- Set the throttle wide open, Prop max (if constant speed), mixture for best speed/power ~100 ROP.
- Fly 360, trim for hands off level flight set the autopilot for the 360 ground track if you have one otherwise fly a GPS ground track (not heading) of 360. Set the altitude hold if you have one at the altitude determined earlier that will provide 6000 ft density altitude.
- When the speed stabilizes make a GPS ground speed recording every 20 sec. until you have five in a row that are within one knot of each other.
- Turn to 120 and repeat
- Turn to 240 and repeat
- Go home, average the five consistent recorded speeds on each leg.
- Enter the Average GPS speeds and GPS ground track angles into the three leg worksheet option (saves about 1 gallon of fuel per test and is accurate) of the NTPS spreadsheet.
- Then do it again (I actually do both test runs on the same flight) average the two results to give you confidence in the test validity)
When I first put my clean piece of paper on my knee board I write the date and what what I am testing at the top. When I get the ATIS I record the altimeter setting and the information identifier there as well just for reference because depending on what altitude I need to fly the test at, I need to have a method to tell Approach the altitude I will be flying at in an altitude reference that they understand (since my altimeter will be set to 29.92 and not the current altimeter reading).
On my 360 leg I have a reasonably level piece of land to fly over, east of Springdale and Rogers. If the speed stabilizes before rogers it is best – it is much easier to meet the 5 consecutive 20 second interval reading consistency requirement. If not the list of recordings can get quite long before 5 consecutive 20 second interval readings are within 1 kt of each other. When I turn to 120 I will initially have a relatively consistent surface but if I don’t get my 5 early I will be flying over mountains and the readings will get less stable. When I turn to 240 there is no efficient way to avoid flying over mountains. When I complete the 240 leg I boundary line my data sheet for test one, turn to 360 and repeat the process. That is the best test method I have been able to come up with to date.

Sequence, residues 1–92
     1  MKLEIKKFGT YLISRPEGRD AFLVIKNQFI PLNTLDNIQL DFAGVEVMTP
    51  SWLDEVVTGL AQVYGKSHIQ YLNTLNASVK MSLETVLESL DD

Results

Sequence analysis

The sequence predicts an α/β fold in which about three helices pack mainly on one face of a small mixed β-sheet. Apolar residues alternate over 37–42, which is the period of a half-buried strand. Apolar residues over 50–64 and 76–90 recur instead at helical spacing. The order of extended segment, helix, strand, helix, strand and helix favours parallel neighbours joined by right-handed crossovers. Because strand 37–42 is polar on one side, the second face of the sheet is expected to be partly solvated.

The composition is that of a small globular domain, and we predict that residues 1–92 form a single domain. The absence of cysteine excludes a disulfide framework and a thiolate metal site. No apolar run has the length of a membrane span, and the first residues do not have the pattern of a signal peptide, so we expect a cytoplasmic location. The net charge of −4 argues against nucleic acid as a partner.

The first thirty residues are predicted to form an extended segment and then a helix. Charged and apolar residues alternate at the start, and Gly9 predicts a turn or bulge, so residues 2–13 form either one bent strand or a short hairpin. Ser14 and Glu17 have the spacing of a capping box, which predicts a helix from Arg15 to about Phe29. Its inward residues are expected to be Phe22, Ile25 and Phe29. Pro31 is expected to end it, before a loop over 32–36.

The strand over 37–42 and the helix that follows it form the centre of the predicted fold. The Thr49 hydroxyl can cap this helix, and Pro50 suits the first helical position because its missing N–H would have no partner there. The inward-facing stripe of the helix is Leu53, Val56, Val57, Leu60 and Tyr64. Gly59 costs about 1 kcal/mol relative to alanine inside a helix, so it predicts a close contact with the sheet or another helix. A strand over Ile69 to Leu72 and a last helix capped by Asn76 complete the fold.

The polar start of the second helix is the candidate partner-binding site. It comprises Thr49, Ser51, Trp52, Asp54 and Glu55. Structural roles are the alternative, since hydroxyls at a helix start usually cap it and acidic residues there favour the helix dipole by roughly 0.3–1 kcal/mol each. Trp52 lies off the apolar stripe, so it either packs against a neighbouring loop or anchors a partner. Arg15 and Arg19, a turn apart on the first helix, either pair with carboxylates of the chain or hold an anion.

Your observation of difference based on where you are flying is correct but thermals are only part of the inconsistency problem. Changing wind velocity, updrafts and down drafts also affect the GPS ground speed which the NTPS spreadsheet calls for. You are smart enough to understand that so I will not waste any time on explanation. A way to minimize the effect is by doing your testing early in the morning or (less favored) late evening on days when the wind is calm. I have mods to complete and races to go to so I just have to go when I can and try to get good data – its is not perfect.
Because the conditions are not static, even though you fly your tests back to back they will not be exactly the same on two consecutive runs but if you control every thing else correctly they should be within 2 knots of each other. I used to just make one run for time and money economy but now I just bite the bullet and make two.
It is important to establish you airplanes density altitude baseline for testing so that the test results are relevant to one another – once you select 8000 do every single test at 8,000 ft density altitude or the results are not directly comparable.
After I enter my leg speed average numbers into the NTPS spreadsheet and I get my speed and wind numbers I print the sheet or sheets for multiple runs and I staple them to the in flight raw data collection sheet. I write on every sheet the date, what was being tested and I sign them before filing for later reference.
– Bob Axom
All tests were WOT and leaned aprox 100 ROP.
The propellers being tested are the original 2-blade Aymar Demuth 68-71 all wood propeller with epoxy pain finish and the Catto 70-72 composite wood core 2-blade with nickel leading edges.
After 6 runs with the Aymar Demuth propeller and 6 runs with the Catto propeller the average was 157.8 kts vs 161.4 kts. If I throw out the high and low from both groups, the numbers do not change much with 157.6 kts vs 161.4 kts.
The Catto was manufactured as a direct swap for the AD. This resulted in a significant gap at the backer plate as the AD propeller was much rounder than the Catto. Filling this gap may contribute to slightly better performance of the Catto but that was not part of the test.
A few interesting details …
- Craig had not previously built a 2-blade propeller for a RV-8 with only a 150hp Lycoming. Based on conversations, he predicted a 2750 rpm at WOT and a 4kts speed increase. The WOT max RPM during all tests was 2750. Averaging across all tests, there is approximately 3.75 kts speed increase.